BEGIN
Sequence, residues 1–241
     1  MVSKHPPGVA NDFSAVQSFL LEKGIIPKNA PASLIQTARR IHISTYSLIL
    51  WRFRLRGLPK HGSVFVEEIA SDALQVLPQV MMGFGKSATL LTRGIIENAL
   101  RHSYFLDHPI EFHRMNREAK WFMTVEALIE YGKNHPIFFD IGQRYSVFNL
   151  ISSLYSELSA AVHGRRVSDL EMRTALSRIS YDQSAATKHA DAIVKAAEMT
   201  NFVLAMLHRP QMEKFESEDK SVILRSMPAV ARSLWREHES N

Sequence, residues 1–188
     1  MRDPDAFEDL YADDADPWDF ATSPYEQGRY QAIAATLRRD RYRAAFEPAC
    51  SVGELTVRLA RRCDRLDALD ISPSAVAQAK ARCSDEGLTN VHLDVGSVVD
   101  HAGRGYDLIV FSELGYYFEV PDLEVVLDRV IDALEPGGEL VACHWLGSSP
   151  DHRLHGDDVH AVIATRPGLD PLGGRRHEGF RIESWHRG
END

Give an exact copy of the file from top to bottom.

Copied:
Sequence, residues 1–241
     1  MVSKHPPGVA NDFSAVQSFL LEKGIIPKNA PASLIQTARR IHISTYSLIL
    51  WRFRLRGLPK HGSVFVEEIA SDALQVLPQV MMGFGKSATL LTRGIIENAL
   101  RHSYFLDHPI EFHRMNREAK WFMTVEALIE YGKNHPIFFD IGQRYSVFNL
   151  ISSLYSELSA AVHGRRVSDL EMRTALSRIS YDQSAATKHA DAIVKAAEMT
   201  NFVLAMLHRP QMEKFESEDK SVILRSMPAV ARSLWREHES N

Sequence, residues 1–188
     1  MRDPDAFEDL YADDADPWDF ATSPYEQGRY QAIAATLRRD RYRAAFEPAC
    51  SVGELTVRLA RRCDRLDALD ISPSAVAQAK ARCSDEGLTN VHLDVGSVVD
   101  HAGRGYDLIV FSELGYYFEV PDLEVVLDRV IDALEPGGEL VACHWLGSSP
   151  DHRLHGDDVH AVIATRPGLD PLGGRRHEGF RIESWHRG